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September 26, 2017

Trump Should End Obamacare Subsidy Payments Now

 

President Donald Trump has continued making the monthly Obamacare cost-sharing reduction (CSR) payments—just as President Obama did—even though he has no legal authority to do so. The president has threatened to end them, and now that it appears the Obamacare repeal-and-replace effort has tanked, the time has come to do so. 

The Affordable Care Act requires health insurers to reduce copays and other out-of-pocket costs for low- and moderate-income people buying health insurance through the Obamacare exchanges. And the law requires the federal government to reimburse the insurers to cover the losses from reducing those out-of-pocket costs. 

One big problem: Democrats didn’t actually appropriate the money when they passed the law in 2010 because they thought voters would be so pleased with Obamacare that Democrats would control Congress and the White House for decades. It wasn’t an oversight; it was hubris. 

But under that pesky little thing known as the U.S. Constitution, all federal spending must be appropriated by Congress. 

Once the Obama administration realized the problem administration officials asked Congress to pass an appropriation. But by that time Republicans were in no mood to make such concessions. So Obama just paid the SGR payments anyway as part of his “So sue me!” approach to governing.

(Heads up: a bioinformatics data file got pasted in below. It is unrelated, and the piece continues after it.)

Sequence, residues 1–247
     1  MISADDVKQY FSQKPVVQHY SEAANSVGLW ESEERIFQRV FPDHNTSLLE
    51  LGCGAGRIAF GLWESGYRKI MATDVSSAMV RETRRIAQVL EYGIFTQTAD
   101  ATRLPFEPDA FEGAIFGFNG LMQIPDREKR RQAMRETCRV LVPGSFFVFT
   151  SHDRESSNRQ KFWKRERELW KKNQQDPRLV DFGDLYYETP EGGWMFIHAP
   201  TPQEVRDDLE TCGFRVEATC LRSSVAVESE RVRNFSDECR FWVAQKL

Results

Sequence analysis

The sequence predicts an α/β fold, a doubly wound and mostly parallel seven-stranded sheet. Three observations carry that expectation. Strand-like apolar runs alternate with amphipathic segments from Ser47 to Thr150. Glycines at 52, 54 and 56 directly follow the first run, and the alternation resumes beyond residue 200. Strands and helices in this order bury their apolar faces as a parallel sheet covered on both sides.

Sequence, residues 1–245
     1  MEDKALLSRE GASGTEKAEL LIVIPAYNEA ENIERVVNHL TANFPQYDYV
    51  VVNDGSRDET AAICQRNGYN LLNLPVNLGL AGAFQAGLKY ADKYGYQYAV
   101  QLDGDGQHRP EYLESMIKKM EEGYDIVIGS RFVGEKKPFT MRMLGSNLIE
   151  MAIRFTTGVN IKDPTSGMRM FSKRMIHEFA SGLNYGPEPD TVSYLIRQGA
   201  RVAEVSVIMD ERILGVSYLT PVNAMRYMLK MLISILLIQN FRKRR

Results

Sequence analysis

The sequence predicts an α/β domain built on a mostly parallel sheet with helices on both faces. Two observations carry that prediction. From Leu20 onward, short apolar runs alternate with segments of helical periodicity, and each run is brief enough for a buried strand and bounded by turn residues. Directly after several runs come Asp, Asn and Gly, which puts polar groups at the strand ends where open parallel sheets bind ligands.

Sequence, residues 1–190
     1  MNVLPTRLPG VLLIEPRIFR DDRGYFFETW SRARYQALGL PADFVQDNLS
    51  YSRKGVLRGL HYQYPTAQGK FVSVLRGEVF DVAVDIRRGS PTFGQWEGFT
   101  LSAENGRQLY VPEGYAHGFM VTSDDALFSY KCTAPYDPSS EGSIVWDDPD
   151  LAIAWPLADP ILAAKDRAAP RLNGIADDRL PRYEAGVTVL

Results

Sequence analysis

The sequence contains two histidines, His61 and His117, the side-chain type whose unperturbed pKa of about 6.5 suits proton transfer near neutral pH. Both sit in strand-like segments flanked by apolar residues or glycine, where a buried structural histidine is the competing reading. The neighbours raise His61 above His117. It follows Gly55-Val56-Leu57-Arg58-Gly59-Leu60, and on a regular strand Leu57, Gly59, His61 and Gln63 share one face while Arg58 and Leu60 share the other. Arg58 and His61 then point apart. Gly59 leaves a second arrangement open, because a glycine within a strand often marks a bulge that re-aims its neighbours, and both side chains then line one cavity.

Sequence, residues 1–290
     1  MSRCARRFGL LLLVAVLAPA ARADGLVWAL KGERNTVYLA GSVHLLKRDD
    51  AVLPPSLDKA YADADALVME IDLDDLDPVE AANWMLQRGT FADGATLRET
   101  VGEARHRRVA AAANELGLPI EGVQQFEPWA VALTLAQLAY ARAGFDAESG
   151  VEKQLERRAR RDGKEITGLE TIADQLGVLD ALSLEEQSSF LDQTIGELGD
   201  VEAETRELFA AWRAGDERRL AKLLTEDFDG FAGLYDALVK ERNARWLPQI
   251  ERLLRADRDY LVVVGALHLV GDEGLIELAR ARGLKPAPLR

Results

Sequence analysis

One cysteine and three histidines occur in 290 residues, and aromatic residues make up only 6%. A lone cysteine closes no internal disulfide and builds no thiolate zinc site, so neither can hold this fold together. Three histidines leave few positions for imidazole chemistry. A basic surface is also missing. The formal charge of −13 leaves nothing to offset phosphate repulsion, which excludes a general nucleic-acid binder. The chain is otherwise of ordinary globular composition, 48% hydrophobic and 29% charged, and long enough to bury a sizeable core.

Republicans filed suit and a federal judge agreed. However, Republicans stopped pressing the case and Trump kept making the payments upon taking office thinking—incorrectly, it turns out—the issue would be resolved when repeal and replace passed in the first few months. 

But with the recent (and likely) final repeal-and-replace defeat, it’s time to return to the Constitution and for Trump to stop making the payments. Not because he wants health insurers to raise premiums or continue fleeing the Obamacare exchanges, but because the Constitution says all federal spending must be appropriated by Congress. 

Democrats, especially Barack Obama, health insurers and the media will moan that Trump doesn’t care about people and that he’s destabilizing the insurance market, even though the market began destabilizing immediately after the law took effect. But their complaints are just an indication of how little respect they have for the Constitution and the rule of law. 

If Democrats want the CSR payments to continue, there is one constitutional remedy: Introduce legislation that appropriates the money and pass it through Congress. 

But don’t look for anything more than a tepid effort, if that. Democrats think they gain more political points by calling Trump heartless, echoed by the media, while working to increase support for their much-beloved and long sought-after government-run single-payer health care system.

 


 

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